Writing in a piece for the Athletic, he said: “The idea Bruce was somehow rejected out of hand by some supporters because he previously managed Sunderland is a fallacy.
“A minority of fans may hold that against him but the majority do not.”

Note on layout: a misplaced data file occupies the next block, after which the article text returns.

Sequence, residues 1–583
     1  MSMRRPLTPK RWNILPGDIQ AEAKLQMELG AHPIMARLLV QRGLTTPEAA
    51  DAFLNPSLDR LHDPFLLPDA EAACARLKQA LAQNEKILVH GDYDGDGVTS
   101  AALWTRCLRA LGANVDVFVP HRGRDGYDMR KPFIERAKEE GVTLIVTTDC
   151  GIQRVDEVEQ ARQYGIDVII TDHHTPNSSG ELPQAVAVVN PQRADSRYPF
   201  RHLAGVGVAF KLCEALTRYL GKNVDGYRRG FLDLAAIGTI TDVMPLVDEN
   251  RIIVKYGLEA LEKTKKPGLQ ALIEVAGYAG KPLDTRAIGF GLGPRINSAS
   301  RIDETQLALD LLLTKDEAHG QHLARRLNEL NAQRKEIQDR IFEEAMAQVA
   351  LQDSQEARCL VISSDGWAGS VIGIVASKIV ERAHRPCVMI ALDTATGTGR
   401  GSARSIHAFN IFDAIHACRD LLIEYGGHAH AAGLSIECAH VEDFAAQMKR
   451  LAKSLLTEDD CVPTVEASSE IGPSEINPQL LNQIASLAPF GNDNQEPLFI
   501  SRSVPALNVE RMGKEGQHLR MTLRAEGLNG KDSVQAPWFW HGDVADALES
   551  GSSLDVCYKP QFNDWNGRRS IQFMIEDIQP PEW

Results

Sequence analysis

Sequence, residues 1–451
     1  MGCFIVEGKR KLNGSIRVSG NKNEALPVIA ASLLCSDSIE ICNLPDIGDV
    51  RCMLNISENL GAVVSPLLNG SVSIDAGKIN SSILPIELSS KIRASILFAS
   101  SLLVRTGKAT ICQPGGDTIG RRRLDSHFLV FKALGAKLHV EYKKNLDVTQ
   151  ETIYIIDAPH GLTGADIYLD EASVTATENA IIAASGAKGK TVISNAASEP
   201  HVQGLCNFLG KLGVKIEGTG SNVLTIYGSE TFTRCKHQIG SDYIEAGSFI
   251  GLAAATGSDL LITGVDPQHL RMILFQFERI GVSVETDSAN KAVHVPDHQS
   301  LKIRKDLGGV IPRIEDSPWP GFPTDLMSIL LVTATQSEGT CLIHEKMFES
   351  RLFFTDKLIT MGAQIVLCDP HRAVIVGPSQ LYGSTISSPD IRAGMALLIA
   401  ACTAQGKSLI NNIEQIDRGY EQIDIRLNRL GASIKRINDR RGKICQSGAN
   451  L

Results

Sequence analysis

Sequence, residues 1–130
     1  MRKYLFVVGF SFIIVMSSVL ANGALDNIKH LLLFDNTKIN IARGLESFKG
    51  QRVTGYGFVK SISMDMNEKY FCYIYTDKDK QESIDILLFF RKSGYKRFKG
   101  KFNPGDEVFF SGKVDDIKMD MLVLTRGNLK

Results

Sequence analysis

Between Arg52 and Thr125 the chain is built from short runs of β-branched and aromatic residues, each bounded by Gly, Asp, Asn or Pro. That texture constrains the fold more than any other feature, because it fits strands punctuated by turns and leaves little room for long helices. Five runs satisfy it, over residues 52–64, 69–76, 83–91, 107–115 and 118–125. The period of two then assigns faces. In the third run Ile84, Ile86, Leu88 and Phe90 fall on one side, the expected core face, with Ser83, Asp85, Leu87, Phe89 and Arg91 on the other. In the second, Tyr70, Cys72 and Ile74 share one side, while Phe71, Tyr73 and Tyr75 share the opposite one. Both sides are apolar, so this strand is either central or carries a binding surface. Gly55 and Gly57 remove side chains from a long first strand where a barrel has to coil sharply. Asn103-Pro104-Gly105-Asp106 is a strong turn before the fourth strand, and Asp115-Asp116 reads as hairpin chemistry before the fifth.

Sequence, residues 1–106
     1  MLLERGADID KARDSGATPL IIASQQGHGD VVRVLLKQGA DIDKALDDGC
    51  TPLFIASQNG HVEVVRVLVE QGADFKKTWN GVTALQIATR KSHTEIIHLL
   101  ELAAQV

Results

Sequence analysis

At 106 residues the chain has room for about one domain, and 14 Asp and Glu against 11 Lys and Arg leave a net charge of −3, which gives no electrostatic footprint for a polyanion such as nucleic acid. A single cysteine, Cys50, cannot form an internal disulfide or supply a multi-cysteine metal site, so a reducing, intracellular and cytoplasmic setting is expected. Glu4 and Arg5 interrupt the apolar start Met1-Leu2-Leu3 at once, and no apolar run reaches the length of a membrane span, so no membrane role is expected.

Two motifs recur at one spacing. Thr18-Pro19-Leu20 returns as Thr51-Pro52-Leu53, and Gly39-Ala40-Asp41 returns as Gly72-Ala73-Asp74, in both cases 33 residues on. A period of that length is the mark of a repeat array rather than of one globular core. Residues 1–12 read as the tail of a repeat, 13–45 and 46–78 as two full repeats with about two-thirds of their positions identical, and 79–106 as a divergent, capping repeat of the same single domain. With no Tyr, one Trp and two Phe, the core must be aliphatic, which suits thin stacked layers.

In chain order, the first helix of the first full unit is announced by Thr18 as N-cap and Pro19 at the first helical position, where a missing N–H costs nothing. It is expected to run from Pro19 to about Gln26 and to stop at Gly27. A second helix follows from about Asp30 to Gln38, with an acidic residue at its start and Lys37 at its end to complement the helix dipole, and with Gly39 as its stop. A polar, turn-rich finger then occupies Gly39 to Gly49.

To be fair to Waugh, he’s probably right about this one. The chances are that the Toon Army aren’t bothered by Bruce’s past as Sunderland manager, but rather that he is regarded as something of a yes man for the Ashley regime. Taking the job under the circumstance he did, with Rafa Benitez having just left and with Ashley’s popularity at an all time low, it was always going to look as if he had taken the gig by bowing to the controversial businessman’s wishes. A history with Sunderland pales in to insignificance compared with that allegation, especially one that ended the best part of a decade ago. At the end of that day, Newcastle are not in a position to be fussy, and their mindset as a fanbase is dictated much more by pragmatism than it is by rivalries. Any upset with Bruce is because there is a belief he is not the right man for the job, not because of his past.